When (and When Not) To Prune Shrubs and Vines

pruning shrubs and vines

Knowing the right time to prune your trees and shrubs can make a world of difference to your garden. In general, plants should be pruned when they are in their dormant stage. Soon after they will undergo a time of active growth, where any cuts and injuries heal quickly. Most choose to prune their trees and shrubs in the late winter or early spring, since those seasons give plants a long time to rebuild before the following winter. When you prune during the resting period, leaves haven’t fully grown in yet, making it easier for you to see what you’re doing. But there are a few exceptions to this rule of thumb.

1. Take a look at plants that flower in the spring from buds made the previous season. Winter pruning would end up destroying the current year’s bloom. These kinds of plants, like the spring flowering shrubs, should be pruned directly after their blossom period. This is so that those plants have as much time as possible to grow and produce next spring’s flowers.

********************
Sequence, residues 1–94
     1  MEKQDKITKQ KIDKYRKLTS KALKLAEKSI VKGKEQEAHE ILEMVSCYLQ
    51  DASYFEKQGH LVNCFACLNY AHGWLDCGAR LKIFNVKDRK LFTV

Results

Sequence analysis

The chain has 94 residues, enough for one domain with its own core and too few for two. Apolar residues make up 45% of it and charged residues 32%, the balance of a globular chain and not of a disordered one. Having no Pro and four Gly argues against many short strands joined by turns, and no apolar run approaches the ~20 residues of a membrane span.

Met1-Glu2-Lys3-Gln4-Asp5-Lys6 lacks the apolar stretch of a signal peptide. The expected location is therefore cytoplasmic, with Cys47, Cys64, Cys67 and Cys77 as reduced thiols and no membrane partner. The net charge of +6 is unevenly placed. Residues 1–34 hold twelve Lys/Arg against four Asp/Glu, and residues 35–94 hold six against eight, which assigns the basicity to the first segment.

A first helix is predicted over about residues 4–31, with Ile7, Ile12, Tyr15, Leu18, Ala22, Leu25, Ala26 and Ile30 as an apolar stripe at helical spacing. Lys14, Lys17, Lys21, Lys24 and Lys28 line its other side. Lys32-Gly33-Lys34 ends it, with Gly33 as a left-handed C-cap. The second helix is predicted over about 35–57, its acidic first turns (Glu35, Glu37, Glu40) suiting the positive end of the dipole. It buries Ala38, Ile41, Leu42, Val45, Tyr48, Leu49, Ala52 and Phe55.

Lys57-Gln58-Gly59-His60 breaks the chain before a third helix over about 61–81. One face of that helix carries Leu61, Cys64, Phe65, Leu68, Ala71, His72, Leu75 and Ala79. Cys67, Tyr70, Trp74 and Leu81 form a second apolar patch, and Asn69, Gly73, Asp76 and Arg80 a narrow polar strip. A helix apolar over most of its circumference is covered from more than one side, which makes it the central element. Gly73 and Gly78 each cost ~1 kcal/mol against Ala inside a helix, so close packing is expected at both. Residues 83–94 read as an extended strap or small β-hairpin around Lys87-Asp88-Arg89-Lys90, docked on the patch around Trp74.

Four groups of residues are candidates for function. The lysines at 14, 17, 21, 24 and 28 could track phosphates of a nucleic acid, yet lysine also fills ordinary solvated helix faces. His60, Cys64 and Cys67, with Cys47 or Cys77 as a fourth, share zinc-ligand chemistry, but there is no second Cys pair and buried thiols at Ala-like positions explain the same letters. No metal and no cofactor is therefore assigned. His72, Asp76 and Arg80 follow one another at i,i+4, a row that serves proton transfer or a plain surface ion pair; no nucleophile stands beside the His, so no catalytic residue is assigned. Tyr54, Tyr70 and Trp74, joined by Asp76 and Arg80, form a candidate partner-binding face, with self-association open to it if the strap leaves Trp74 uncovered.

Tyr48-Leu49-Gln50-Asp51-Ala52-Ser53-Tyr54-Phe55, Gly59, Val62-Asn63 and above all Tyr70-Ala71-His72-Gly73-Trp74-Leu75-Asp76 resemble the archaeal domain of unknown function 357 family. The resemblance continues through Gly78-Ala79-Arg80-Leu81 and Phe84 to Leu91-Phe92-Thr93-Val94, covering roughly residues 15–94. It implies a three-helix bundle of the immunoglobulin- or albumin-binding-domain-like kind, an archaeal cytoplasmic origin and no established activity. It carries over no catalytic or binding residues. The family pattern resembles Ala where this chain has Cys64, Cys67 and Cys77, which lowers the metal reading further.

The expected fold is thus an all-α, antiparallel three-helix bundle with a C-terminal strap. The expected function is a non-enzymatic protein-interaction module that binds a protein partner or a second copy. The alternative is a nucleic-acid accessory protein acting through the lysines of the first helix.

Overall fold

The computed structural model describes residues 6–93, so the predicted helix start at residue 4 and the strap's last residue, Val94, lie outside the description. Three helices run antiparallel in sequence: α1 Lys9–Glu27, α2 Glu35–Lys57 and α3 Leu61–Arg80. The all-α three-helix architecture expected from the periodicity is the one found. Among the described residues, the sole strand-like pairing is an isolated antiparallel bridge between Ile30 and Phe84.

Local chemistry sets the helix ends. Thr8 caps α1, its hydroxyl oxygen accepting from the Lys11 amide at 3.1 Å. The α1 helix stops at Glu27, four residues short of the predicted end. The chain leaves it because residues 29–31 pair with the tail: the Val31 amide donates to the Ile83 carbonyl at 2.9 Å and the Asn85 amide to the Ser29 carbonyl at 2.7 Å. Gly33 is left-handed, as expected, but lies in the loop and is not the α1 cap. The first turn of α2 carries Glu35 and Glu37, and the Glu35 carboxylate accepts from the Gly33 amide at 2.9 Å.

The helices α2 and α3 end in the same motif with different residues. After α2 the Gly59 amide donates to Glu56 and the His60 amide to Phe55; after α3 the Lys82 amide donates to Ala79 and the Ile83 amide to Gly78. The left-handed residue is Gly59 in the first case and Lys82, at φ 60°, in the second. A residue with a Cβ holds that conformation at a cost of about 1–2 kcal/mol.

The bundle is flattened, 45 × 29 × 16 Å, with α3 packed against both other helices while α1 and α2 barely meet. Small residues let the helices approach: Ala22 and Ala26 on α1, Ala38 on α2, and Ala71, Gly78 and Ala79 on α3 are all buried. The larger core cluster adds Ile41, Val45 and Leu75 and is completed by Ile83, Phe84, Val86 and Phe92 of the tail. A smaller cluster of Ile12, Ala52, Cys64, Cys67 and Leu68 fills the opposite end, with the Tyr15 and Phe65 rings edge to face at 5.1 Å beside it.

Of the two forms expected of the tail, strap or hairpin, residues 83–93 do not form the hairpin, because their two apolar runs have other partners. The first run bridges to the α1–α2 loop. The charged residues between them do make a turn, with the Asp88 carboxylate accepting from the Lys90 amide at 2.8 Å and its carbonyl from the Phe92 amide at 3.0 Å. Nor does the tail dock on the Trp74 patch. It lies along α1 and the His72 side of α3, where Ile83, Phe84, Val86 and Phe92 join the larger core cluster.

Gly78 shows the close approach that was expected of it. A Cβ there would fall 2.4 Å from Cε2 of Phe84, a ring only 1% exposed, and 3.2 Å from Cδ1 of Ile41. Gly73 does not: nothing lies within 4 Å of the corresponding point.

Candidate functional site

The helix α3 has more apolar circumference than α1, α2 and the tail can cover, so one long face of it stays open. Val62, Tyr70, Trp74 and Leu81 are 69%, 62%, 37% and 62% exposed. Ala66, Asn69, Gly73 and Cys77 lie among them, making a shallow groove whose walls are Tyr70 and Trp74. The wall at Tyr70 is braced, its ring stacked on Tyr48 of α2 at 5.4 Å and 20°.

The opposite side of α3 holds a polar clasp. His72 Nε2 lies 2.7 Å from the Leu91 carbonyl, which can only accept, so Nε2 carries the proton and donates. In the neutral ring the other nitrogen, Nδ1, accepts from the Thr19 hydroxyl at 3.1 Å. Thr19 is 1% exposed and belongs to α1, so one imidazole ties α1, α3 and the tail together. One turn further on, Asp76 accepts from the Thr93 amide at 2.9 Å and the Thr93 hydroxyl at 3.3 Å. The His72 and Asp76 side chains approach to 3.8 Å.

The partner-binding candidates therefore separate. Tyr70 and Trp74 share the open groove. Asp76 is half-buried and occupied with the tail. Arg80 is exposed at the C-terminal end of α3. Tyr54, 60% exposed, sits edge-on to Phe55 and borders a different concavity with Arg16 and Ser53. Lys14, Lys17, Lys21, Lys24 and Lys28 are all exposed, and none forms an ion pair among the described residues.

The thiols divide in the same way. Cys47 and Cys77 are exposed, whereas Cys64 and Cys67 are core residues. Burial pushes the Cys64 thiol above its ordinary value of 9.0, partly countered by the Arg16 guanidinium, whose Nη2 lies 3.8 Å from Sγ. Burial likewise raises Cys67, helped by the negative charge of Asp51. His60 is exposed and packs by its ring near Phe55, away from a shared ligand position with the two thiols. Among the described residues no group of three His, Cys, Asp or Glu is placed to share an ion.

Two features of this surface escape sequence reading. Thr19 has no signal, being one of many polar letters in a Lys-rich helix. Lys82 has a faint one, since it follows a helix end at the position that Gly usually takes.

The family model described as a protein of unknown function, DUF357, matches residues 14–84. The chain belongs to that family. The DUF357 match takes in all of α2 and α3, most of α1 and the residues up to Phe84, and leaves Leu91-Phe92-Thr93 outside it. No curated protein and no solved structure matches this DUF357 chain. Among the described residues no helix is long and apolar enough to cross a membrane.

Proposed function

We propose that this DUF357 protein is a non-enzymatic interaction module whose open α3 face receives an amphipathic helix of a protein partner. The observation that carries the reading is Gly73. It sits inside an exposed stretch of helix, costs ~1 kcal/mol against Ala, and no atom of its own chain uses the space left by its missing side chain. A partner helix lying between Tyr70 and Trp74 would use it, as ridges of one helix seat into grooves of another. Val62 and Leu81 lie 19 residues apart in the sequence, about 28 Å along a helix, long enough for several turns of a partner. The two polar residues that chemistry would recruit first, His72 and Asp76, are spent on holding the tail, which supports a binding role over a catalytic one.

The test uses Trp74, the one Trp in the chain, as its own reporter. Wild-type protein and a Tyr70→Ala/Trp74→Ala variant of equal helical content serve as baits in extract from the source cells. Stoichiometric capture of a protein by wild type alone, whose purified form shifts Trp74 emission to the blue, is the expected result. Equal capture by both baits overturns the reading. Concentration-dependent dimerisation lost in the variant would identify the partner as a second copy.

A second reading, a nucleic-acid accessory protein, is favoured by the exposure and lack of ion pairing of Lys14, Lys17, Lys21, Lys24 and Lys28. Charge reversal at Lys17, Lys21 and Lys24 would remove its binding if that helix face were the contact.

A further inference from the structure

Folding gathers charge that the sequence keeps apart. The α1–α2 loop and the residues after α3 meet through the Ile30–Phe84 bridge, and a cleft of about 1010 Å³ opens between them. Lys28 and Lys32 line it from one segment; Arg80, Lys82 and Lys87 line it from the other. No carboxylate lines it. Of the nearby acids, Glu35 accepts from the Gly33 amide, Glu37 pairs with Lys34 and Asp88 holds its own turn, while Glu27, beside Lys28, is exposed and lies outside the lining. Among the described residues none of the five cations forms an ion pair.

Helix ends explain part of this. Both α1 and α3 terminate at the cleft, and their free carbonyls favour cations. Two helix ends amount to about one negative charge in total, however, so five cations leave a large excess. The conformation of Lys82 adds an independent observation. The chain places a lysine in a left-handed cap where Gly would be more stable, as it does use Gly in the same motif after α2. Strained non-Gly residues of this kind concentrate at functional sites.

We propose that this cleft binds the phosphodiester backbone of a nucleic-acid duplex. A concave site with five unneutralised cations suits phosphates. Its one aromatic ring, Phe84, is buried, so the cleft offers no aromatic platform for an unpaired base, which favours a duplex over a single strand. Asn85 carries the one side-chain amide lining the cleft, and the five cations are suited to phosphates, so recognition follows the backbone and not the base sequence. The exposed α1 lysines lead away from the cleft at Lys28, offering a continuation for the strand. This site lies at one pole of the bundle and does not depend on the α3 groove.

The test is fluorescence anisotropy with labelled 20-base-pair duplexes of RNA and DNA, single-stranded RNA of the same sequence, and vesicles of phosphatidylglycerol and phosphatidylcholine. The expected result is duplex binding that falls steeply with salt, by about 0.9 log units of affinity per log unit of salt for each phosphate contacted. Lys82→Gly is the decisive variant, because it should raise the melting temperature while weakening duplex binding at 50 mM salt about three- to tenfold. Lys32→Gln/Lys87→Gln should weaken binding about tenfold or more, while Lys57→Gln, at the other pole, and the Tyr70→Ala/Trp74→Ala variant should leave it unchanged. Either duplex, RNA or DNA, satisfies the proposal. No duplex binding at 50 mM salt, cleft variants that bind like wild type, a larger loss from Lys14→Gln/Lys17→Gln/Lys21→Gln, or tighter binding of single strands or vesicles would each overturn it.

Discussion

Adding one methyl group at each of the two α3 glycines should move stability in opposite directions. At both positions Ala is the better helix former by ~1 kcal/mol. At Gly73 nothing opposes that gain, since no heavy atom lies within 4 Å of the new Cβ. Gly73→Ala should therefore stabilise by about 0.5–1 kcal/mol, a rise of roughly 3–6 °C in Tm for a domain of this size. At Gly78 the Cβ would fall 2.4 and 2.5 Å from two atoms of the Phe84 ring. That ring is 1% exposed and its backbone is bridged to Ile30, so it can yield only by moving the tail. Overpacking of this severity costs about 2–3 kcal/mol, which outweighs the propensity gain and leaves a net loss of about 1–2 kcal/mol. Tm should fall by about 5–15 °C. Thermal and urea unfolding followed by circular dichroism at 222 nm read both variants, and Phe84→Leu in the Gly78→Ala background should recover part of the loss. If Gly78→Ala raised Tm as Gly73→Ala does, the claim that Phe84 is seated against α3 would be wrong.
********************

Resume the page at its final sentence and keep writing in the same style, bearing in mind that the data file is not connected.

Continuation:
2. Some plants need to be pruned in late winter or early spring. Examples include narrow-leaved evergreens, broad-leaved evergreens, vines, frost-injured plants, shrubs with colorful twigs, and bush roses. To begin pruning, remove any dead, diseased or damaged stems as soon as you see them. Dead stems have a tendency of attracting insects and developing diseases. If you see any crossing braches, water sprouts or suckers, remove them as well. Also, remove some of the oldest shoots all the way to the ground. This lets younger stems grow out and bloom.

3. Other plants should be pruned after flowering. This includes shrubs or vines that have their flowers in the spring like the flowering dogwood, crab apple, forsythia, rhododendron, azalea, lilac and wisteria. If you prune them too early, you’re preventing the shrubs and vines from fully developing. Contrary to popular belief, the climbing rose is also a plant that’s pruned after flowering. While you need to remove the winter-killed parts during the spring, the rest should be left as is. Any cane that lived through the winter has the potential to grow flowers and therefore shouldn’t be touched just yet.

Pruning your shrubs and vines at the correct time will leave you with a healthy and flourishing garden.

Photo credit: Thinkstock

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